Chaplain Ministers to Patients and Staff Following Southern Alberta Flooding

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The recent flooding in southern Alberta resulted in major damage and catastrophic losses for thousands of people. But for Case Vink, a Christian Reformed chaplain and coordinator of spiritual care at Rockyview General Hospital in Calgary, the only visible effect at his home was the flooded fire pit in his backyard. So he was able to focus his time and energy on the needs of patients and staff at the 650-bed acute care hospital in Calgary where he serves.

The hospital immediately went into disaster planning mode. Vink was paged to several meetings throughout the day for updates on the situation. Staff were not able to commute to work or return home because so many neighborhoods were evacuated and roads closed.

A “hotel” was created in the orthopedic gym for staff who needed to remain overnight. Vink was placed on a standby list to stay and help out. A large number of seniors were evacuated from their home to the hospital where staff organized and opened beds. “All TVs were tuned to the flood,” said Vink, “and you could feel the worry in the air.”

All the patients wanted to talk about the flooding. “Some did not know what had happened to their homes. Others had family displaced. Many people had loved ones who were not able to get to the hospital to visit. This was all on top of the medical condition that brought them to the hospital. Ministering to [patients’] fear, anxiety about the unknown, and the separation became the focus of my care,” said Vink. Special chapel services were held.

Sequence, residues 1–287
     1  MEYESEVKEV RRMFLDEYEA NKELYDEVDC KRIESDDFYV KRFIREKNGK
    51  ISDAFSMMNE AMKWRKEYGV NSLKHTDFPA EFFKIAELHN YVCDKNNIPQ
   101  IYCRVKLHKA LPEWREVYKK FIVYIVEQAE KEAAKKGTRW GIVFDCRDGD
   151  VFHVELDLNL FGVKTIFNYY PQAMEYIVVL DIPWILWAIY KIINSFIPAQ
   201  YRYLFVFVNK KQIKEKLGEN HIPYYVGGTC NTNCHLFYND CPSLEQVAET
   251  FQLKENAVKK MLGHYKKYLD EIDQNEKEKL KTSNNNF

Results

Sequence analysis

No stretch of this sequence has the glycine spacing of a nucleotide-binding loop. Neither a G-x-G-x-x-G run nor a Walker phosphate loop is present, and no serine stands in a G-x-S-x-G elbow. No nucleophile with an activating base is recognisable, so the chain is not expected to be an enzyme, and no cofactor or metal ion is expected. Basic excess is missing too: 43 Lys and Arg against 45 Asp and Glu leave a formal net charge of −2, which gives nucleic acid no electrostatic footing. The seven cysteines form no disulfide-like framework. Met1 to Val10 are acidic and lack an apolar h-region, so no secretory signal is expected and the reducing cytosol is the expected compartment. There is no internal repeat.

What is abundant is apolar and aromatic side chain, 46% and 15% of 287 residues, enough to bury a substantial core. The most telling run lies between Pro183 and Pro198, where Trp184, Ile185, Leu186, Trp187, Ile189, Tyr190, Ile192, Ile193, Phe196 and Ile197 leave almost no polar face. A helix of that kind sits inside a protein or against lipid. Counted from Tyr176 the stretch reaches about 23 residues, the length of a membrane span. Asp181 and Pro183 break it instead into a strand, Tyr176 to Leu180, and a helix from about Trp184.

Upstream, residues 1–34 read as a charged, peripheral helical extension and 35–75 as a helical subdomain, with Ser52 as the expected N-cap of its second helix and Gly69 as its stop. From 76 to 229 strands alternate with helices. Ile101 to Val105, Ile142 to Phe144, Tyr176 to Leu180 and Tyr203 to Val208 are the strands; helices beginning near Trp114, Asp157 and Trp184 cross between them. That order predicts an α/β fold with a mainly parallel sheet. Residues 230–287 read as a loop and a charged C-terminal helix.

Hospital staff continued to care for others even as they tried to keep themselves, their families, and their own lives together. “The chaplains hosted special spiritual care sessions so that staff members could talk about how they were affected, cry our tears over losses, and support each other with love and encouragement,” said Vink. “One person shared how some disaster workers speaking at their church had reminded people that this was not a disaster, but an emergency.

“In other parts of the world where people have no resources to deal with major events, that’s a disaster. We have all the resources to deal with this flood. That’s an emergency.”

We actually do live in an amazing land and are so richly blessed, concluded Vink. “Good to know even while we worry and weep.”

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